Higher crude runs in the Midwest and easing crude oil transportation constraints that are allowing more domestic crude oil to reach U.S. Gulf Coast refineries have pushed the WTI futures curve into backwardation over the next several months. This backwardation, with prices for close-in delivery above those for delivery in future months, creates an incentive to sell crude from inventory. On June 20, when the contract for August delivery became the prompt futures contract, prices for the next two months fell, resulting in the first consistent period of WTI backwardation since November 2011. In addition, on July 10, the prompt contract (August) premium over the second month reached $0.90 per barrel, the highest level since 2008. Spreads between the front month and longer-dated contracts are even wider. As of July 10, the December 2013 contract was trading at $4.23 per barrel below August.
On the Gulf Coast, inventories have fallen 16.3 million barrels since June 21, and in the Midwest inventories are down 6.8 million barrels. At Cushing, Oklahoma, the delivery point for the Nymex WTI futures contract, stocks fell 2.7 million barrels the week of July 5 and another 882,000 barrels the following week. Trade press reports indicated that crude production that was being delivered to Cushing storage is now being delivered directly to the Gulf Coast, thus reducing supply at Cushing. In addition, a syncrude crude processing facility in Canada was reported to have been out of service, reducing regional supplies of light sweet crude oil. Although average 2013 Cushing inventories remain 25 percent above 2012 levels, stock levels have declined for much of 2013 and are now slightly below their 2012 level. Along with pipeline infrastructure changes that have allowed crude to bypass Cushing, rail is facilitating the movement of crude oil directly from the Bakken formation in North Dakota to refineries on both the East and West coasts.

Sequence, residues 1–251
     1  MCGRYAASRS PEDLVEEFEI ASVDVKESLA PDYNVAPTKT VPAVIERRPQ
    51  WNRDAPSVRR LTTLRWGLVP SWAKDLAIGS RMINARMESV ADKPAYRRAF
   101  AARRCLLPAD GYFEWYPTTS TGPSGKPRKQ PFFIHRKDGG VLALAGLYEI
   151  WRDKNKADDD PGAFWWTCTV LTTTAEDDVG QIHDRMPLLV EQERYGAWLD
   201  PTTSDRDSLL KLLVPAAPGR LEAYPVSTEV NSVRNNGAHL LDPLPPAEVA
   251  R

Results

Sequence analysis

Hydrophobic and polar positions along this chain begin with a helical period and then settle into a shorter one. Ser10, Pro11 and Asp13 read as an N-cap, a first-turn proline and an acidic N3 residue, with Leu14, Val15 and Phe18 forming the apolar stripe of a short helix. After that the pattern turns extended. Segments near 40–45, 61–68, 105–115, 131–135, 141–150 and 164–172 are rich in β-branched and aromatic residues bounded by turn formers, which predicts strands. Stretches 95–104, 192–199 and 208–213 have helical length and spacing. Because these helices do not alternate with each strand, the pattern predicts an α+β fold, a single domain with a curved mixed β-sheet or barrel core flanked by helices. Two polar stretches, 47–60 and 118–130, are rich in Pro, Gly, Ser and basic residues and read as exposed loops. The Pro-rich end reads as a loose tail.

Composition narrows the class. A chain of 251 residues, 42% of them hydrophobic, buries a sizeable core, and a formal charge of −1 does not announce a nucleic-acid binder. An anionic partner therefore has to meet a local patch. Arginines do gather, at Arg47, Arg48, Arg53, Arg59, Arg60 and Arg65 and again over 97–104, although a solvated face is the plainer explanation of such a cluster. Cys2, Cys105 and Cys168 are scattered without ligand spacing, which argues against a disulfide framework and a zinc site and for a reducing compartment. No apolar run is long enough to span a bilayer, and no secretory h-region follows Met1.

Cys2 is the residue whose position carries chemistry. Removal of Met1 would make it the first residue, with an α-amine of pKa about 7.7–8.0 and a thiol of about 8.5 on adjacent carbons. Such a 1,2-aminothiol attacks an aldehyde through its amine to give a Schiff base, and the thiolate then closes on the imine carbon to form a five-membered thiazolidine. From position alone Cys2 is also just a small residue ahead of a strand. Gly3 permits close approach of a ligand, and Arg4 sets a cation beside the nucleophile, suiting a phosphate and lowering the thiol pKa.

In addition to pushing the WTI market into backwardation, these developments are helping to raise Midcontinent spot prices, narrowing the spreads between North Sea Brent and WTI and between Bakken and Light Louisiana Sweet (LLS) crude oils. However, the resumption of syncrude imports and an anticipated refinery switch by BP Whiting to heavier Canadian crude later this year could take upward pressure off prompt WTI prices, flattening the forward curve.
Gasoline prices up for a second week; diesel fuel up for a third
The U.S. average retail price of regular gasoline increased five cents to $3.68 per gallon as of July 22, 2013, up 19 cents from last year at this time. The largest increase came on the East Coast, where the price is up seven cents to $3.66 per gallon. The Gulf Coast price is $3.51 per gallon, six cents higher than last week. The West Coast price is $3.95 per gallon, three cents higher. The Midwest price is $3.66 per gallon, two cents higher. Rounding out the regions, the Rocky Mountain price increased a penny to $3.62 per gallon.
The national average diesel fuel price increased four cents to $3.90 per gallon, 12 cents higher than last year at this time. The East Coast, Gulf Coast, Rocky Mountain, and West Coast prices all increased four cents, to $3.92, $3.84, $3.87, and $4.04 per gallon, respectively. Rounding out the regions, the Midwest price is up two cents to $3.88 per gallon.